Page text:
All Showcases Located in the Dance Tent.
Master’s Showcase with Alice Gerrard, Friday 6:30pm
Simply put, Alice Gerrard is a talent of legendary status. In a career spanning some 50 years, she has known, learned from, and performed with many of the old-time and bluegrass greats and has in turn earned worldwide respect for her own important contributions to the music.
Alice is particularly known for her groundbreaking collaboration with Appalachian singer Hazel Dickens during the 1960s and ’70s. The duo produced four classic LPs (recently reissued by Rounder on CD) and influenced scores of young women singers.
Alice’s four solo albums were released to critical acclaim in Billboard, Bluegrass Unlimited, New Country, and other publications. These superb recordings showcase Alice’s many talents: her compelling, eclectic songwriting; her powerful, hard-edged vocals; and her instrumental mastery on rhythm guitar, banjo, and old-time fiddle. Her most recent album, Follow the Music was nominated for a 2015 Grammy.
Alice has appeared on more than 20 recordings, including projects with many
traditional musicians such as Tommy Jarrell, Enoch Rutherford, Otis Burris, Luther
Davis and Matokie Slaughter. With her in-depth knowledge of mountain
music, she has produced or written liner notes for a dozen more. She also co-produced
and appeared in two documentary films. A tireless advocate of traditional music, Alice has won numerous honors, including an International Bluegrass Music Association (IBMA) Distinguished Achievement Award, a Virginia Arts Commission Award, the North Carolina Folklore Society’s Tommy Jarrell Award, and an Indy Award.
In 1987 Alice founded The Old-Time Herald and the Old-Time Music Group, a non- profit organization that oversees publication of The Old-Time Herald. Alice served as editor-in-chief of The Old-Time Herald from 1987 till 2003. She continues to perform solo and with Tom Sauber and Brad Leftwich, the Herald Angels, and Beverly Smith. We are honored to showcase Ms. Gerrard in this year’s (reinstated) Master’s Showcase.
Banjo Showcase, Saturday 12:45pm
Bob Carlin, Gordy Hinners, Amy Davis & Paul Brown
Bob Carlin, clawhammer banjoist extraordinaire, has taken the distinctive southern banjo style to appreciative audiences all over the US, Canada, Europe, Australia and Japan. As a solo performer, and member of John Hartford’s Stringband, Bob has appeared at countless festivals, clubs, schools and museums, including the Philadelphia Folk Festival, Merle Fest, Telluride Bluegrass Festival and Rockygrass. Various national radio appearances have included NPR’s “Weekend Edition,” “A Prairie Home Companion,” , “Mountain Stage” and “The Grand Old Opry.” As a member of the prestigious Virginia and NC Visiting Artist Programs, Carlin presented southern traditional music and the banjo traditions of rural America to audiences who may not have otherwise been exposed to traditional music.
He has studied both in person and on transcriptions the work of master players from previous generations. Combined with archival research, the result has been over fifty different albums, primarily for Rounder Records, countless magazine articles and CD notes as well as several books. Bob will also be delivering a lecture entitled, “Piedmont String Band Music: the African American Connection,” based in part of his book String Bands in the North Carolina Piedmont.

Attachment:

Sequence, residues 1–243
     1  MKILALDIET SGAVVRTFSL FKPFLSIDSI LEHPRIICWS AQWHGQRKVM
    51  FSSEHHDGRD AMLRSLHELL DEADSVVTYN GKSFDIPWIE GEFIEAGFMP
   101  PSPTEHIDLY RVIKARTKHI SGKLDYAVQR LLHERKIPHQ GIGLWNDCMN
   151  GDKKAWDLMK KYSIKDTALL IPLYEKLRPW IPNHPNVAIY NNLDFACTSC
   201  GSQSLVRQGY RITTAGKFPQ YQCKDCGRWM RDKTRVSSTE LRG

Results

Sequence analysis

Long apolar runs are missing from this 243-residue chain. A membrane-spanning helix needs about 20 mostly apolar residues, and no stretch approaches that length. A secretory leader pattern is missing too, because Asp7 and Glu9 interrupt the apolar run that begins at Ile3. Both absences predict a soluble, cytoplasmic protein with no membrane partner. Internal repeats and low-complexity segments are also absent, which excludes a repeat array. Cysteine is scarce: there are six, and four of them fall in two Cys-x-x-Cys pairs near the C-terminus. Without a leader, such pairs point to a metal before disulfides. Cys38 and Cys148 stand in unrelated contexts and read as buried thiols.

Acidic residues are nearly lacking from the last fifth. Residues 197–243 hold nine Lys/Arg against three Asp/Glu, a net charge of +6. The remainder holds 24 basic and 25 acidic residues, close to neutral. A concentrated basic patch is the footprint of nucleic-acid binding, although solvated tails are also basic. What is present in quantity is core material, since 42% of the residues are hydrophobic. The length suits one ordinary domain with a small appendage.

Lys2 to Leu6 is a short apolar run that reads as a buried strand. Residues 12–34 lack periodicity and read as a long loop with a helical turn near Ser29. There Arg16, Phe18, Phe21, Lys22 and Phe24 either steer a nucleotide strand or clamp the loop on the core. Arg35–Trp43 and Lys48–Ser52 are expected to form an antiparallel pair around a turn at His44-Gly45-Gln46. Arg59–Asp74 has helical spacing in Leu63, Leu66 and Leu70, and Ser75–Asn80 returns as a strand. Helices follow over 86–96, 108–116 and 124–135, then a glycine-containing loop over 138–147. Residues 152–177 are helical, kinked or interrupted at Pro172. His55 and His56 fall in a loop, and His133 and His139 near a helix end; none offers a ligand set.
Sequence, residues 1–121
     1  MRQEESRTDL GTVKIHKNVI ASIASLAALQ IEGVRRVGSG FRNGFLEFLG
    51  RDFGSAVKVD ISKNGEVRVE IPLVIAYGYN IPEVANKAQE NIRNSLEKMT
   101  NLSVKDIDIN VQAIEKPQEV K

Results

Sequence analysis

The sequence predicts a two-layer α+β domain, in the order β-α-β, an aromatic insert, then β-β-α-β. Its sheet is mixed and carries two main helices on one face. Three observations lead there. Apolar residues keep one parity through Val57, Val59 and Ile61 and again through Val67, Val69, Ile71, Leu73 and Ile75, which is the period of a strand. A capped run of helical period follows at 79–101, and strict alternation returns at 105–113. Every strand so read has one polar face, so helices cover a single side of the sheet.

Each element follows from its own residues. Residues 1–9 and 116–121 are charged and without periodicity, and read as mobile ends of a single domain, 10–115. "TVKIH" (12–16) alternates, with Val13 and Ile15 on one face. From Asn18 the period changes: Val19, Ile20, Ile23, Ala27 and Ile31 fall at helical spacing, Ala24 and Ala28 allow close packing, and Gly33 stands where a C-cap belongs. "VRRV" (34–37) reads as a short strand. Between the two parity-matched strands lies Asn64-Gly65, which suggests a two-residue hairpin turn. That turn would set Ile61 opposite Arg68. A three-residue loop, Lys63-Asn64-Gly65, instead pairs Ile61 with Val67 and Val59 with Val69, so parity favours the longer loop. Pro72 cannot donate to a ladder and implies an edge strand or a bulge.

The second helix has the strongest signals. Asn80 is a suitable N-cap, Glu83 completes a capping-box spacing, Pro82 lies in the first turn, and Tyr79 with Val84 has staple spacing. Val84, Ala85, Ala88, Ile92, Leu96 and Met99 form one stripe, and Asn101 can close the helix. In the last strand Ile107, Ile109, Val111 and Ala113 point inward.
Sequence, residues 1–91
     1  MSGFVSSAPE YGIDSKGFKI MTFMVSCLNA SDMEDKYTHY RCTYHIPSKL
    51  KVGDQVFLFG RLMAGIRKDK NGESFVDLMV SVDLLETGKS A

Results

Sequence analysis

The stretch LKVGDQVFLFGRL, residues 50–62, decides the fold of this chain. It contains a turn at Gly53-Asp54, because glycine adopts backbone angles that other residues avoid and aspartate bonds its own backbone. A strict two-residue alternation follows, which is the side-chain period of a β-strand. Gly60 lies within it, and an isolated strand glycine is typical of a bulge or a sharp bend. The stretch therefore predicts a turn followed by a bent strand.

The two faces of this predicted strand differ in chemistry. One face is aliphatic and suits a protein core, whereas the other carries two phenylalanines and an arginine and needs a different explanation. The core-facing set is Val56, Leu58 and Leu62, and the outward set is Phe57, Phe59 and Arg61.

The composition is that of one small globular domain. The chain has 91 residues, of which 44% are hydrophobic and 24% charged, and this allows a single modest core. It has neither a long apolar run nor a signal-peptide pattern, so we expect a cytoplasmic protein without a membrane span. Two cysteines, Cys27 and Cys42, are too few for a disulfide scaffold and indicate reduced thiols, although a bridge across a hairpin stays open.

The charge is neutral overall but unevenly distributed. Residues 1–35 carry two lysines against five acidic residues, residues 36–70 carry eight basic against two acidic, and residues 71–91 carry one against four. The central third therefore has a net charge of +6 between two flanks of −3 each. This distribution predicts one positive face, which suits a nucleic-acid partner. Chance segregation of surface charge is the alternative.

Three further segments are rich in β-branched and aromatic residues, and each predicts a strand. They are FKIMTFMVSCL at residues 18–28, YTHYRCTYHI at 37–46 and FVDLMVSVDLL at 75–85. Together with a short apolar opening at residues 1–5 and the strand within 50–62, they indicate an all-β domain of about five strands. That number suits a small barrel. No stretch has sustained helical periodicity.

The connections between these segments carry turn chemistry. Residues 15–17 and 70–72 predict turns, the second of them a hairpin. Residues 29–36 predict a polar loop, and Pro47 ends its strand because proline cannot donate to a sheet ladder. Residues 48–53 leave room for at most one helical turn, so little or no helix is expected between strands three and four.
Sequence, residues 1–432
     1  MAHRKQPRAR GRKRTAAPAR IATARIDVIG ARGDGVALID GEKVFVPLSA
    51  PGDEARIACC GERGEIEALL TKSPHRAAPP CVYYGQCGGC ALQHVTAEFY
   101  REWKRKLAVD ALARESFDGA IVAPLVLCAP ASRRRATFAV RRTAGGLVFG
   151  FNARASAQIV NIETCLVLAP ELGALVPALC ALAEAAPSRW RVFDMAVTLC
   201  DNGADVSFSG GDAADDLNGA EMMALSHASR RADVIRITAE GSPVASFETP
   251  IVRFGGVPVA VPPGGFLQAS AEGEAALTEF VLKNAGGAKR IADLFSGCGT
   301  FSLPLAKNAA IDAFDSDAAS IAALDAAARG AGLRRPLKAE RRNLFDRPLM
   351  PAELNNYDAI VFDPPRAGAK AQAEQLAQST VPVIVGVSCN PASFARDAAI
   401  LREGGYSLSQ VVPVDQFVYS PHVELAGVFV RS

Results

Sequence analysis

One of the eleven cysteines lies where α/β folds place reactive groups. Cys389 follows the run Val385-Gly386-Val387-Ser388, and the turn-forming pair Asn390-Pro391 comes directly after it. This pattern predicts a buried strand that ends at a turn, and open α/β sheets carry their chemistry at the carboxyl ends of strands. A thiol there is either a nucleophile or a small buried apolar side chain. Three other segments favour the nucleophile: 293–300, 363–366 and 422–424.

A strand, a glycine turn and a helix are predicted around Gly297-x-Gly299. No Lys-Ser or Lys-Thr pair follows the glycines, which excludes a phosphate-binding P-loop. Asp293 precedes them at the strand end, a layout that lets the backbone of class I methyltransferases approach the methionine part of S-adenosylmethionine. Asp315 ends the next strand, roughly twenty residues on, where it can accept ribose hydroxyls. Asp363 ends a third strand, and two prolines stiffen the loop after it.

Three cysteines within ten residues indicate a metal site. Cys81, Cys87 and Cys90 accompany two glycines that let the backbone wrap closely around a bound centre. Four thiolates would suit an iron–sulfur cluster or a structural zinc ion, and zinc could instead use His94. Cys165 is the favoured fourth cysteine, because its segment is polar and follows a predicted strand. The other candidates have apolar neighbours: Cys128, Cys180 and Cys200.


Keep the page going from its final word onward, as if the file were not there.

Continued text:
Gordy is an award winning banjo player who has been influenced by the likes of Tommy Jarrell and Fred Cockerham. He has played banjo for the New Southern Ramblers since 1982…much of that time with the late great fiddler Ralph Blizard.
A veteran of the old-time music and dance scene, Gordy is known for his distinctive clawhammer style on the fretless banjo and his masterful rhythmic footwork as a clogger and buckdancer. Gordy has taught at workshops throughout the country, and has been a part of the Swannanoa Gathering since its inception. He lives in western NC, and teaches Spanish at Mars Hill University.
Paul Brown learned his first songs and tunes as a kid from his mother, who carried them from her own childhood days in Virginia. As much as he loves to play and sing, Paul has also produced numerous recordings from his own fieldwork and other sources. He has reported on the lives of many significant traditional musicians during his more than 30-year radio career. He learned much of his singing, fiddling and banjo playing from masters including including Benton Flippen, Paul Sutphin, Luther Davis, Robert Sykes, and Tommy and Benny Jarrell. He has won the banjo prize several times at the Appalachian String Band Music Festival, where he’s also won the senior fiddle prize and was named a master artist. Paul left his world newscaster job at NPR’s Washington, DC headquarters in 2013 after fourteen years in executive, editorial and on-air positions there. He currently produces and hosts the Across the Blue Ridge radio and multimedia program through WFDD Public Radio in Winston-Salem, NC.
Amy Davis grew up in Millerton, New York and learned to play her great-uncle’s Dobson banjo while she was in college. In the 1980s, she performed old time and Cajun music with several bands in southern New England. In 1992, she relocated to North Carolina and earned a Masters in Folklore from UNC-Chapel Hill. Her subsequent fieldwork took her to western Kentucky and eastern NC. After working at the Southern Folklife Collection, she also earned a Masters in Education at UNC. Amy has taught Music in Durham Public Schools for the past 12 years, and spends each day encouraging young students to sing. She and her husband Jon Newlin have performed for over 15 years with the North Carolina singing string band The Hushpuppies. Both have also toured and recorded with the Maudlin Brothers and have performed with and recorded on three CDs with their niece, Elizabeth LaPrelle. Currently Amy also performs with The BLTs string band and Cajun band the MSA Ramblers.